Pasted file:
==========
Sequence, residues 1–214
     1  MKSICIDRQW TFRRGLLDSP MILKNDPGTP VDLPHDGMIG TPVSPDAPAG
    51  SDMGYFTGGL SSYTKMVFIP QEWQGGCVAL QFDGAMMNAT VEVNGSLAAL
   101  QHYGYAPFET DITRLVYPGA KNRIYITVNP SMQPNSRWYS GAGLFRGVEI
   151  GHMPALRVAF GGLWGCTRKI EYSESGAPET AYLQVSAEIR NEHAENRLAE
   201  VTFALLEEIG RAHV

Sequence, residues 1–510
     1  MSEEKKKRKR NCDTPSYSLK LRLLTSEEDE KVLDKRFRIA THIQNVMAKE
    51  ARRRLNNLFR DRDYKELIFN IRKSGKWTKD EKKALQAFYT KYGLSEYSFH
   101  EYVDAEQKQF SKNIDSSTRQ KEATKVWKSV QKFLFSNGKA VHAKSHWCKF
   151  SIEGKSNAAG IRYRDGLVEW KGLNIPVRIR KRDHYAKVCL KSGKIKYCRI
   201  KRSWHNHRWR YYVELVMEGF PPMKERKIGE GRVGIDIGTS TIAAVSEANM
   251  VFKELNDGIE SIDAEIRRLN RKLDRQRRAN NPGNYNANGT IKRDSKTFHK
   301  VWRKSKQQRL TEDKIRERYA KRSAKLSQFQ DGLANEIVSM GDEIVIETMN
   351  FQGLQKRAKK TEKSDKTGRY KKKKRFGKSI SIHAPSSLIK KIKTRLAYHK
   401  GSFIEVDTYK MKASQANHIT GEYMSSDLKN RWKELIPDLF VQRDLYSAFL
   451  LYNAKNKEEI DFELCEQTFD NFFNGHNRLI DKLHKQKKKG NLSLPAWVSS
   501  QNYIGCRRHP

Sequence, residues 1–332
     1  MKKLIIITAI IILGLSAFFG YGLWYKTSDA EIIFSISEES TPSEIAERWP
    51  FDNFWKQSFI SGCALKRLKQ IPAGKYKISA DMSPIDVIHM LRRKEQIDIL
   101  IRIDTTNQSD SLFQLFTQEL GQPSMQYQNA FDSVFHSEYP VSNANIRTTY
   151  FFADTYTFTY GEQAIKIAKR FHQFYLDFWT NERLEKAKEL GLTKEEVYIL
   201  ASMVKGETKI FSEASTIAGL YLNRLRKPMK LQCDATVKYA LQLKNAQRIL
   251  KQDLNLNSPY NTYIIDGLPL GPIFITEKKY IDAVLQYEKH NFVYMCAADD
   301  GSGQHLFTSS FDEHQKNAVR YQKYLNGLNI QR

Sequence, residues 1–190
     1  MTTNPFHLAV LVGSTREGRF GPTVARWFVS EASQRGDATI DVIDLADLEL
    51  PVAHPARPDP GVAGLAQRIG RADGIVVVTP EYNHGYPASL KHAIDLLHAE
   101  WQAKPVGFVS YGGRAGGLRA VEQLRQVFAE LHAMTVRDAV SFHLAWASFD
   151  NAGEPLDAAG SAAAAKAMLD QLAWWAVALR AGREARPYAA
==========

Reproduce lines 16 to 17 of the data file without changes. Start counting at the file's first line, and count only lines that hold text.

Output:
   401  GSFIEVDTYK MKASQANHIT GEYMSSDLKN RWKELIPDLF VQRDLYSAFL
   451  LYNAKNKEEI DFELCEQTFD NFFNGHNRLI DKLHKQKKKG NLSLPAWVSS